Does Lactic Acid Increase After Exercise?

There is no research that shows that lactic acid levels increase in the breastmilk of mothers who exercise moderately (50-75% intensity). This is a different story when you increase the intensity level to 100%. At this level, lactic acid levels in breastmilk do increase.

This is called exhaustive exercise and the increase in lactic acid levels in breast milk is present for around 90-minutes post-exercise, but it will go back down again. This isn’t a problem for the baby as there are no known harmful effects of feeding after intense exercise.

What About the Taste?

Ah, the old wives’ tale that exercising affects the taste of human milk. Not true, the only taste difference will be if you try to feed your baby and you haven’t showered!

Your sweat will leave a salty taste on your breast which your baby may not like. So have a shower or quickly rinse your breast before feeding. If you have a very hungry baby and don’t have time for a quick shower, simply give your breast a quick wipe to remove any sweat residue. Unless, of course, your baby likes the taste…

Mum Exercising With Daughter

Will My Baby Refuse the Breast After Exercise?

Much research has been done on babies accepting their mother’s breast after exercise, including after a maximum intensity exercise routine. A recent study noted there was no change in breast acceptance by babies after exercise.

If your baby is refusing the breast, then think of other factors. Are they distracted? Are they put off by the salty taste? Maybe they don’t like the increased lactic acid levels after your high-intensity exercise routine?

If this is a concern or becomes a problem, consider expressing before your workout and whipping out the breast pump before you start. It will make things more comfortable for you during the workout and baby afterwards.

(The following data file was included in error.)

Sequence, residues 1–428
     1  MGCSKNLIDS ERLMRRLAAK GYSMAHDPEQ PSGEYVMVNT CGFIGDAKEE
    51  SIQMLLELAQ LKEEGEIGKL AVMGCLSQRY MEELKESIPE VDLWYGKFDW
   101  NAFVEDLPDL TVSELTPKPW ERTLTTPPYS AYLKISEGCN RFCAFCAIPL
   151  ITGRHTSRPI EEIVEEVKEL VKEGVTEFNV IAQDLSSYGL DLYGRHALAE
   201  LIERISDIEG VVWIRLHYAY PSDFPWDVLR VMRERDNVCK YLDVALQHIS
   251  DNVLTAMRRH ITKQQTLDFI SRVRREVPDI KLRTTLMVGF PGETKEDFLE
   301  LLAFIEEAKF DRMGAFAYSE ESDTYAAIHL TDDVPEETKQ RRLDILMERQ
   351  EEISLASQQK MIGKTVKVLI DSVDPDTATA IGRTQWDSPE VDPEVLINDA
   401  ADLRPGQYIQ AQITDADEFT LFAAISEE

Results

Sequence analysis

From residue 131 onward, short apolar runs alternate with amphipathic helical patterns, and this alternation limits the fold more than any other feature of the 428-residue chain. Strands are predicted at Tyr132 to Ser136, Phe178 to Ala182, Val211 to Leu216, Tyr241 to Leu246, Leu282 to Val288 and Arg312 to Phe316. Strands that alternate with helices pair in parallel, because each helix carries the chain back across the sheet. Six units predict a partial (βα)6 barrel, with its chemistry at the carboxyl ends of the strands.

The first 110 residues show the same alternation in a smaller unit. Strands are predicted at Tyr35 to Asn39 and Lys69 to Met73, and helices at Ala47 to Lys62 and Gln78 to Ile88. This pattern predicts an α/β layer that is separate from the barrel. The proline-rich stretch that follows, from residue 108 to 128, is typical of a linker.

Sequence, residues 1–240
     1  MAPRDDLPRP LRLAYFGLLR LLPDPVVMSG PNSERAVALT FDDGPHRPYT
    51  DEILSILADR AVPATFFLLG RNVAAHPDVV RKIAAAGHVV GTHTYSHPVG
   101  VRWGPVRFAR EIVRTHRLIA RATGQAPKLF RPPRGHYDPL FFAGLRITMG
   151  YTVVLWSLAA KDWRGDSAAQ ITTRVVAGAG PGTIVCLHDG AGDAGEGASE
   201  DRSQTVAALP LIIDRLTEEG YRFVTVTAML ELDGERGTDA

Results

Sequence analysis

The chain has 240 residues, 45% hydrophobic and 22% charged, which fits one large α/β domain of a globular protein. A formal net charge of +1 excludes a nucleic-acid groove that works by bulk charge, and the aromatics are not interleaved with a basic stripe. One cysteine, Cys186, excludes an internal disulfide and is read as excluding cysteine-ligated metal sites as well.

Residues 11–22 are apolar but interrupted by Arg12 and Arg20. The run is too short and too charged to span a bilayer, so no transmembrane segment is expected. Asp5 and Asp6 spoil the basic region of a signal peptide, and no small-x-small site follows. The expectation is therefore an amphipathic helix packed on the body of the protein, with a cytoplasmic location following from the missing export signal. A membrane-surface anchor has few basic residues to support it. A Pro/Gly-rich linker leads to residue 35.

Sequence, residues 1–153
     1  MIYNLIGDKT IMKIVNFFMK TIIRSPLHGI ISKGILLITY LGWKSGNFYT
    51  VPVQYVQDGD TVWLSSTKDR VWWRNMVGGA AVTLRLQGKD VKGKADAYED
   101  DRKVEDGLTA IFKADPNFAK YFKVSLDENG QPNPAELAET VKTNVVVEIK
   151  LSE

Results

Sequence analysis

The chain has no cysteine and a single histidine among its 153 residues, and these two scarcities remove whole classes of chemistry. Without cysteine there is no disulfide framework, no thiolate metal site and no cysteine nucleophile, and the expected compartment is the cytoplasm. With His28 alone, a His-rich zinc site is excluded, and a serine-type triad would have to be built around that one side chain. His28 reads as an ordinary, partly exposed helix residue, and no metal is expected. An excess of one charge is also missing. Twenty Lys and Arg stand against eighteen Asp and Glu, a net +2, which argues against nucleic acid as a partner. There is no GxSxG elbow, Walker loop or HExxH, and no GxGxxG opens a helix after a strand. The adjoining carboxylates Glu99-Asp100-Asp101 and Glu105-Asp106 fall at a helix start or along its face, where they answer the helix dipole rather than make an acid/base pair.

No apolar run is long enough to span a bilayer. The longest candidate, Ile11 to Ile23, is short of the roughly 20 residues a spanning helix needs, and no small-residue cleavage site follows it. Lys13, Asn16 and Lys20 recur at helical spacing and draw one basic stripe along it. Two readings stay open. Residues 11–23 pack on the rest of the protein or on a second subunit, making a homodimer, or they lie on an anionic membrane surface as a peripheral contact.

What Other Reminders Do I Need to Heed Before Exercising?

Aside from the questions mentioned above, you may have some additional questions regarding recommendations for when you’re ready to go back to your exercise routine. According to the American College of Obstetricians and Gynecologists, it’s best to ease into your exercise routine with moderate aerobic exercise first – just enough to raise your heart rate!

For breastfeeding mothers, you may tire easily as your body could still be going through an adjustment period. So, make sure you don’t push your body too much. Make sure you warm up before every exercise routine to start your blood flowing and to first fire up your muscles to avoid muscle pain or any tears and injuries that might happen.

Another reminder is that while exercising will not affect your milk supply, you’d still want to stay hydrated by drinking plenty of water and fluids. Keep a water bottle near you so you can take small sips throughout your workout. Just don’t drink too much so you wouldn’t need to cut your workout routine short to run to the bathroom!

As for workout wear, go for loose-fitting clothes that are comfortable enough for you to move around, but not loose enough to get caught in your equipment. You’ll also need a good sports bra that can both support and protect your breasts while you work out.

Find the perfect sports bra that’s specially designed for pregnant or breastfeeding moms, so you can easily navigate your new routine as a new mom – only at Sports Bras Direct. Start losing the weight you may have gained during your pregnancy the healthy way.

Yours in support.

Amy x

Amy Jaffers

Amy is the face behind Sports Bras Direct, Australia’s largest sports bra website. She's a mother of two, outdoors lover and sports bra expert. Her life mission is to help active women get the support they need as well as assisting women in need through her charitable donations.